Harm reduction treatment offers practitioners a compassionate and pragmatic alternative to traditional abstinence-based approaches. Harm reduction therapy offers services with the goal of reducing the negative health and social consequences associated with abuse of alcohol and drugs without punishing people with stigmatic labels (e. g. alcoholic or addict). It also does not require a commitment to abstinence in order for the individual to obtain services.
Its primary treatment goal is the reduction of substance use through the provision of self-management strategies that are immediately effective in reducing personal and communal harm (Tatarsky, 2002). The focus of harm reduction is on moving the client through stages of change as she or he examines and reduces their substance use, meeting the client where they are in terms of their substance use, and bringing the client in as an active agent in forming their treatment plan (Miller & Rollnick, 2002).
The goal of harm reduction is the self-empowerment of the client, and the development of healthy coping skills and life skills as alternatives to continued alcohol and drug use. Harm reduction therapy approaches to alcohol and drug treatment rely on techniques such as motivational interviewing (Miller & Rollnick, 2002) and cognitive behavioral techniques that focus on relapse prevention, however relapse for that client may be defined (Marlatt and Donovan, 2005).
This approach is based on the premise that maladaptive drinking and drug use patterns are learned behaviors. Harm reduction utilizes interventions that attempt to identify contextual, social, affective, and cognitive precipitants of pathological substance use. Once the possible causes of maladaptive substance use patterns are identified (e. g. negative affect, stress, and social pressure to use), the treatment focuses on changing and/or reducing the influence of these precipitants.
In addition, treatment goals are derived from a conversation with the client as to what their needs for treatment are relative to their substance use. Often there is a desire on the part of the client to reduce negative consequences from their use, and often to reduce use itself. Harm reduction based approaches seek to utilize the client’s own goals and motivation for change in the service of assisting the client to benefit from treatment (Tatarsky, 2003). Clients who enter treatment come in a state of distress while being simultaneously engaged in their own process of change.
Harm-reduction-based interventions aim to support this process of change and seek to deepen the identification and understanding of what is distressing to the client. This allows the client, in collaboration with the therapist, to set harm reduction goals that are realistic and to work toward change with strategies that meet the client’s unique needs and strengths. The integrative approach of harm reduction combines a skills-building/self-management focus with an exploratory focus that serves to unwrap the meanings and motivations of substance use for that particular client (Tatarsky, 2002, 2003).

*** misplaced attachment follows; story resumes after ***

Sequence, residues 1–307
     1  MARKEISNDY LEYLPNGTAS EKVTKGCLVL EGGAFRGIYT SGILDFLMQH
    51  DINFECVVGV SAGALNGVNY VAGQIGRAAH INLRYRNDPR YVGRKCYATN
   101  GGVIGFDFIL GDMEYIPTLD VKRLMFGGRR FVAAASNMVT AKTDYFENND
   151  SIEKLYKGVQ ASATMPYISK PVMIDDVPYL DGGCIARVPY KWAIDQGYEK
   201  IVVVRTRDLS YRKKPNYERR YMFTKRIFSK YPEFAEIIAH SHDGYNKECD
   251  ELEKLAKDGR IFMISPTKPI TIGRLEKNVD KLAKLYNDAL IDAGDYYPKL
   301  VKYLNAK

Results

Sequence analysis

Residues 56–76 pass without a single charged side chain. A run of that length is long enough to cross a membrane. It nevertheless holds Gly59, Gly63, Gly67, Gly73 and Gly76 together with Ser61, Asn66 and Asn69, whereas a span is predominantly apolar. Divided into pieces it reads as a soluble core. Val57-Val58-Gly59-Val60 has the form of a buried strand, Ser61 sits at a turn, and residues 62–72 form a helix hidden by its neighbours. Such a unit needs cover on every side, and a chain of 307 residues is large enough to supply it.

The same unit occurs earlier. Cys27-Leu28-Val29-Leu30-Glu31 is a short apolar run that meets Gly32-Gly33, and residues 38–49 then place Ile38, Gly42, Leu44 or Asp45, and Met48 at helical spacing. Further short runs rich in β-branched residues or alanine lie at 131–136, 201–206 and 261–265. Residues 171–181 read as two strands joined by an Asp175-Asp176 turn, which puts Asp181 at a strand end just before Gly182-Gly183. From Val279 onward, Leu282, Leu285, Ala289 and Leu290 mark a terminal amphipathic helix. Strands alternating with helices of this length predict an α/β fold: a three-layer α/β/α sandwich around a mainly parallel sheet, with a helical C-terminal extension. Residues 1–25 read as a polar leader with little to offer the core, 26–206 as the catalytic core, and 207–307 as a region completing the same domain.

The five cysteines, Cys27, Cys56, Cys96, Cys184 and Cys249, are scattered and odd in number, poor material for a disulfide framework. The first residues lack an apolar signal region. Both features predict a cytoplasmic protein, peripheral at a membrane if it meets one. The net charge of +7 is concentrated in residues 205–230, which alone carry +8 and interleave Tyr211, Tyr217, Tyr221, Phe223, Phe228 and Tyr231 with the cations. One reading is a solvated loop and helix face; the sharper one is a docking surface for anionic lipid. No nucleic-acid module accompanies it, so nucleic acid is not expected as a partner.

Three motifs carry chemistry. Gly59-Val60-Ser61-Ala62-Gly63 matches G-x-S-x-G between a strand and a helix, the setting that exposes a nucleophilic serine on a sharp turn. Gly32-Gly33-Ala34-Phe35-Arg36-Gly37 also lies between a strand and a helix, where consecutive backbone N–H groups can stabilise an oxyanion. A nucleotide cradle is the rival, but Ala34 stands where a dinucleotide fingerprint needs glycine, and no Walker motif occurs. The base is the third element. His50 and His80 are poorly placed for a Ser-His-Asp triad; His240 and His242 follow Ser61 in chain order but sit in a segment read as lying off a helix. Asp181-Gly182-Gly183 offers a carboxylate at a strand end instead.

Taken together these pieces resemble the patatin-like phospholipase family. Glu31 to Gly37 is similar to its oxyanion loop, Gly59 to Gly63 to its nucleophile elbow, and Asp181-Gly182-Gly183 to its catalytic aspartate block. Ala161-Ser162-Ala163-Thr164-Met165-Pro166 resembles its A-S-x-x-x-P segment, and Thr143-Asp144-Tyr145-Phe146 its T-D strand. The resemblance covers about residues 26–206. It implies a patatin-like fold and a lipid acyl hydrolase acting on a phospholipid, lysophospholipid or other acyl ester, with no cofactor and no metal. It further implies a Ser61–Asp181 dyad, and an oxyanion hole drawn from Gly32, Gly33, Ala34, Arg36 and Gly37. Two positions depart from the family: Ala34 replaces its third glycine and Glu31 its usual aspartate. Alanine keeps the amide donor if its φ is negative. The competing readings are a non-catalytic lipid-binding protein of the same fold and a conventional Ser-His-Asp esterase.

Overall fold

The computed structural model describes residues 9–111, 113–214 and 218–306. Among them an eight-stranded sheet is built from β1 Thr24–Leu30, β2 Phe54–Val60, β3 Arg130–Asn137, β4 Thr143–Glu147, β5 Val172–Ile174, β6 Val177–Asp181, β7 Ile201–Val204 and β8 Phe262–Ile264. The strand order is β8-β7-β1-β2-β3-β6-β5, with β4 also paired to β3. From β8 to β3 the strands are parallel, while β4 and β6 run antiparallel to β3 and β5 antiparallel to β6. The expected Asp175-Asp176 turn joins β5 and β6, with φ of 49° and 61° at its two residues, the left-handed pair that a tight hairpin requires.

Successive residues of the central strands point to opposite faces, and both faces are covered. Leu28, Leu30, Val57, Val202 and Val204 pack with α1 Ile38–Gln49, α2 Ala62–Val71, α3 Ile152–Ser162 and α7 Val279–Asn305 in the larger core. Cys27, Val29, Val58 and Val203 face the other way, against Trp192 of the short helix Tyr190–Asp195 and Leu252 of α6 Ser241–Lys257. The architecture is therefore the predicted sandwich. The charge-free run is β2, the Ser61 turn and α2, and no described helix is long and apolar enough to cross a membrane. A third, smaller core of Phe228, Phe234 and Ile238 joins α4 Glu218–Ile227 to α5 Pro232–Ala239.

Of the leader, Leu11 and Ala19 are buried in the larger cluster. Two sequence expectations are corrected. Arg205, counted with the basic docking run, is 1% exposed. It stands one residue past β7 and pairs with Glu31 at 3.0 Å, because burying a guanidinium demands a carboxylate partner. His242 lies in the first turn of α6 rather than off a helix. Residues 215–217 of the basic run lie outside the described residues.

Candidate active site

Skills can be learned and internalized in the therapeutic process. The direct teaching of coping methods in sessions with clients serves the direct goal of skill transfer, while simultaneously, and through ongoing relational support, helps the client internalize a capacity to function in more healthy and autonomous ways (Tatarsky, 2002). Harm reduction interventions are based on enhancing a client’s sense of self-efficacy as means of movement towards changes in use (Marlatt & Donovan, 2005).
Interventions encourage users to examine the impact of substance use on life goals, assist in helping clients identify triggers to use, and work with the client to develop coping skills and strategies to reduce use that are specific to their situation. The transtheoretical stages of change model (Prochaska, Diclemente, & Norcross, 1992) reminds harm reduction therapists that habit change is a journey with many potential obstacles and perils. Movement towards examining use and reduced use, like any other change process, involves a complex series of decisions.
People move through stages of change in regards to alcohol and drug use (Prochaska, Diclemente, & Norcross, 1992); many individuals who come into contact with substance abuse service providers will be in the precontemplation stage, with little desire to modify their substance use behavior in the near future but with some awareness that they are suffering. Important concepts in the stages of change theory include the fluidity of change and the importance of self efficacy in both the initiation and maintenance of change (Denning et al. , 2004).
A technique used in assessing the client’s place along the continuum of change and facilitating movement through stages of change is motivational interviewing (Miller & Rollnick, 2002). Motivational interviewing refers to a set of techniques and a general stance toward the client in which the therapist assumes that the client is usually ambivalent about his or her use of substances. Rather than clearly choosing sides in the debate about whether or not to use substances, the therapist encourages the client to continuously weigh the arguments for and against use in his or her own head.